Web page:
My love of running is one thing we’ve never shared, but I run for her now—for the fifteen-foot walk from the couch to the bathroom that sends her heart rate skyrocketing and leaves her out of breath. As I sail through the neighborhood, an essay begins to brew, and I hurry back to the house and tell her, “It’s coming.” She doesn’t have to say a word for me to know she’s jealous, but not in the way you’d think. It’s the same way, when she got remarried—mere months after my own wedding fell apart—I, too, was jealous. I wanted to be able to know that joy with her, but not an ounce of me wished it wasn’t happening to her, or God forbid, that it was happening to me instead.
Maybe this is how we do it: how we keep the breath of hope alive. If only one of us can be rowing, then that one must row. “You’re a good friend,” people tell me, and I think, Am I? What else can you do in a situation like this, but order cake instead of dinner, then spend hours eating and listening to music, laughing like nothing’s wrong and never was and never will be again? Her husband shakes his head at us, as we leave each other breathless—our jokes nonsensical, our sentences half-formed. Even before the sickness descended, no one could follow our conversations. One of us could always finish the thought the other had only begun.
Jessica Lynne Henkle was born and raised in Southern California. She has a BA in English and Art History from Boston University and an MFA in Writing from Pacific University. Her work has appeared in Revolver, Northwind, and Spirituality & Health, among others, and her short story, “Fire Season,” was nominated for a Pushcart Prize. She runs, works, and prays in Portland, Oregon, where she’s always writing something. You can visit her at jessicalynnehenkle.com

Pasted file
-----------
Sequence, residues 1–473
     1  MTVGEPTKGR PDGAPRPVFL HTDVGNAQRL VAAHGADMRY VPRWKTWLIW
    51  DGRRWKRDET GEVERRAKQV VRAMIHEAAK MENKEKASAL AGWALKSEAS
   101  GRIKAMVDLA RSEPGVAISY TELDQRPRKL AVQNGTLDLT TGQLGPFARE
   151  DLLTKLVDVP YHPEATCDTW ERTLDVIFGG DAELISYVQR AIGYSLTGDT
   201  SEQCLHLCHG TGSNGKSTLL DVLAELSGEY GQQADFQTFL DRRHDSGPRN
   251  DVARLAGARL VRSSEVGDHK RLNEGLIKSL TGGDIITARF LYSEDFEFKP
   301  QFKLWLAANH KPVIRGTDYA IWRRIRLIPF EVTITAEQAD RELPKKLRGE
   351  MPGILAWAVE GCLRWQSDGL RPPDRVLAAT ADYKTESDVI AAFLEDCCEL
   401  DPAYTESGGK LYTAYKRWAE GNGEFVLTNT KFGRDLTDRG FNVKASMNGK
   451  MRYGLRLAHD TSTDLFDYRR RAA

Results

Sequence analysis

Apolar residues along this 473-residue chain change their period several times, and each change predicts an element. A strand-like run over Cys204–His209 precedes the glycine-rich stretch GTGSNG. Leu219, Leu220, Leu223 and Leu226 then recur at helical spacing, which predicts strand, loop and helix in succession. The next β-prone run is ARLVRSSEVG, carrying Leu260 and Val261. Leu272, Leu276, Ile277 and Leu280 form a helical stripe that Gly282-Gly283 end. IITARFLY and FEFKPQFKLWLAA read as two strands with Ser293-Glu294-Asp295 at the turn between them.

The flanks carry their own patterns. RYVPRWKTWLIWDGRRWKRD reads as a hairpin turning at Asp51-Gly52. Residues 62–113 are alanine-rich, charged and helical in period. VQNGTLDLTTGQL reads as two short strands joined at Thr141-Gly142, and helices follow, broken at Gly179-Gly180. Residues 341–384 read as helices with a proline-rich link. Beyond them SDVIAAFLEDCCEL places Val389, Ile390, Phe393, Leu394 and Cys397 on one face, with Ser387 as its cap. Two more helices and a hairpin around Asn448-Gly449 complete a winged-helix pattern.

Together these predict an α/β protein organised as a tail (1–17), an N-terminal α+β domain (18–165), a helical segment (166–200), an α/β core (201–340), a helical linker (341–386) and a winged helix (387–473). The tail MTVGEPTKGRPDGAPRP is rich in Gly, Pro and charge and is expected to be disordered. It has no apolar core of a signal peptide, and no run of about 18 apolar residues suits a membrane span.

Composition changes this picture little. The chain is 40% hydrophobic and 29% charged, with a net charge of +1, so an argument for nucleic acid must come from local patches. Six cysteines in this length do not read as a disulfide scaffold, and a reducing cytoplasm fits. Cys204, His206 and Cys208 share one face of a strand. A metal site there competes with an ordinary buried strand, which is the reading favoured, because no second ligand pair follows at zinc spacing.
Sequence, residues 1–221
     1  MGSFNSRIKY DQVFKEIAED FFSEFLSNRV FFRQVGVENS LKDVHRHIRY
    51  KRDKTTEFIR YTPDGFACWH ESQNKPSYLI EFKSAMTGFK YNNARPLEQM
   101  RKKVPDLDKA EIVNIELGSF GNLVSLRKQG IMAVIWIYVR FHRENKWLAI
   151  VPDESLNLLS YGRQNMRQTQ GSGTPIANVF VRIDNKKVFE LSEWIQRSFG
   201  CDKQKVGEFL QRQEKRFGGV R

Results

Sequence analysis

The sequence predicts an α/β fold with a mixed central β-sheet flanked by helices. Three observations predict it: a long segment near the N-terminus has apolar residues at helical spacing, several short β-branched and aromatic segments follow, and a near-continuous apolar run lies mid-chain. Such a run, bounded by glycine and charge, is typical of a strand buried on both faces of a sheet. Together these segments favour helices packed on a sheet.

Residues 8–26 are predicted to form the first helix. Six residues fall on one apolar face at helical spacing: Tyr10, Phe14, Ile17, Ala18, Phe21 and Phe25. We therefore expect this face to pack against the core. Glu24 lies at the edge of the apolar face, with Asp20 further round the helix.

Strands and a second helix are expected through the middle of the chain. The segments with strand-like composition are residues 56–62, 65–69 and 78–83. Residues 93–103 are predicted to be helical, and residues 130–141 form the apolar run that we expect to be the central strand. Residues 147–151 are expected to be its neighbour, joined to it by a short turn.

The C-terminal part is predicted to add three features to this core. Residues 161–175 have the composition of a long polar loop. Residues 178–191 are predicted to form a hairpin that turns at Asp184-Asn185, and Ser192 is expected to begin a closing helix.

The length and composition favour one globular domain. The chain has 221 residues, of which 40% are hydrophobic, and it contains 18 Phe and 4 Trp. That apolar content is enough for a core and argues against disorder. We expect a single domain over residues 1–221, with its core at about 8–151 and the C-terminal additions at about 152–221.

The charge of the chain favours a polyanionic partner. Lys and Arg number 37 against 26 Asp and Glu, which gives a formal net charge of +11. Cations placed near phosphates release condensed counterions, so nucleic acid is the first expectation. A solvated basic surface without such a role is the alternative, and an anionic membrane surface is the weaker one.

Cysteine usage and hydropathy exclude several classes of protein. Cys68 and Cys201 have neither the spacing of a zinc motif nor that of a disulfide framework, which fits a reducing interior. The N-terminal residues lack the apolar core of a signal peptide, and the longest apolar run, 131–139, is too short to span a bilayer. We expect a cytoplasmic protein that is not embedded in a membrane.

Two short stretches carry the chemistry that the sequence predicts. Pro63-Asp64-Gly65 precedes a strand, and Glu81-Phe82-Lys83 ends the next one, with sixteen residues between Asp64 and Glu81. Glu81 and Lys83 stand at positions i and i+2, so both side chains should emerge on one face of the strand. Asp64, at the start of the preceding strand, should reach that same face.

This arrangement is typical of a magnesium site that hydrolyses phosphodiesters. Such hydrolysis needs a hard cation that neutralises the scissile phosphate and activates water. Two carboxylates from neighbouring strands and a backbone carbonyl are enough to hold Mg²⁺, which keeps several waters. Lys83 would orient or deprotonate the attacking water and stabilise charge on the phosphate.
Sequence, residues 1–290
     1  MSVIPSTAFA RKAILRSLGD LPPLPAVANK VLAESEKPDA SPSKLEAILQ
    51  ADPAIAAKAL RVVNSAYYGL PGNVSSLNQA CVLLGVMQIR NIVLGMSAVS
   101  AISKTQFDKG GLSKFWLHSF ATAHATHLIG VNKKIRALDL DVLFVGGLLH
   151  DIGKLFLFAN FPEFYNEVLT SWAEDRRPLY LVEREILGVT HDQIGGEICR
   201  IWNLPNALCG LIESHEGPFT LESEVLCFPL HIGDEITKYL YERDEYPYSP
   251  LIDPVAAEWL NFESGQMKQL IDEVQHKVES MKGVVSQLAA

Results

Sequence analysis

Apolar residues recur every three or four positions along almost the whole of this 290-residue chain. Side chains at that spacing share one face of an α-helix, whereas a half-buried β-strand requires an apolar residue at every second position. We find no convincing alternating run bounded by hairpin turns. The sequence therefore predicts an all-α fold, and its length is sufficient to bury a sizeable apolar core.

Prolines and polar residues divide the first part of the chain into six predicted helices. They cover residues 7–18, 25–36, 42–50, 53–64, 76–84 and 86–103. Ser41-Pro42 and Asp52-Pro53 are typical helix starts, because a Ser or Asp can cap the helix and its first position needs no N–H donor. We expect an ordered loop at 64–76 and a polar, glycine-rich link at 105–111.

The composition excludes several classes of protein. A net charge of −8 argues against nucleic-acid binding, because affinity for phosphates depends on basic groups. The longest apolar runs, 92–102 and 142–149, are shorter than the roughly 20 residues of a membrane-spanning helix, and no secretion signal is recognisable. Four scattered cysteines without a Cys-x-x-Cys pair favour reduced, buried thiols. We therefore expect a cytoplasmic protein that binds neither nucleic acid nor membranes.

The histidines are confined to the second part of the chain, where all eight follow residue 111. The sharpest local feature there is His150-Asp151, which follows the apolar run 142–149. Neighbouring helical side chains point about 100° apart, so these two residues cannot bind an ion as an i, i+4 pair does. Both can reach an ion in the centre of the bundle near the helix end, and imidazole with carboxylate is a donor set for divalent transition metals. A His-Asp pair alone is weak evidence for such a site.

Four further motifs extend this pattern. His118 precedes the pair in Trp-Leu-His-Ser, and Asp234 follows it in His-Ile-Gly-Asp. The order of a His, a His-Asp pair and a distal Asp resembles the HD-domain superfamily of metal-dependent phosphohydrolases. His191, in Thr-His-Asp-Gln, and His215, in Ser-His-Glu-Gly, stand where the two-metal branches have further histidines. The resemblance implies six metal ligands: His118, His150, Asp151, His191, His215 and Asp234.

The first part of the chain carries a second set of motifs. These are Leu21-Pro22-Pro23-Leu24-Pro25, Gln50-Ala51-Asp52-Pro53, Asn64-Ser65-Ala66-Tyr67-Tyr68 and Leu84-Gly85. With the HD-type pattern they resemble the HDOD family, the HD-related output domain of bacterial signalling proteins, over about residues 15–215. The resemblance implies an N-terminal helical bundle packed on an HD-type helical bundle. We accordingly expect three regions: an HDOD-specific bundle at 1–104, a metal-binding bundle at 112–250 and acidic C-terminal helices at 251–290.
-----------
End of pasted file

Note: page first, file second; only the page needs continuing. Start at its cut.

<p>Sami Jankins holds an MFA in Screenwriting from UC-Riverside at Palm Desert and is the founder of The Tiny Tim Literary Review. Previously she was a dating advice columnist for The Good Men Project’s column – Dating in the Digital Age with Sami Jankins as well as the press and social media editor for The Coachella Review. She wrote a blog for a number of years called Chronicles of Cheerful Clotter for HemAware Magazine, where she detailed her life with chronic health conditions. Sami is also an associate producer and press manager for the documentary Invisible: The Film, which focuses on individuals living with chronic pain and invisible illness. She has served on the Board of Directors for the National Hemophilia Foundation, spent time as a Senatorial intern, and was Miss Wisconsin for the ANTSO program. In addition, she has had articles published in Chronicality, Elephant Journal, The Glow (Australia), I.G. Living Magazine, The Manifest-Station, The Mighty, National Pain Report, Ravishly, and YourTango. Her interests include ukuleles and sloths. Find her @SamiDan19.</p>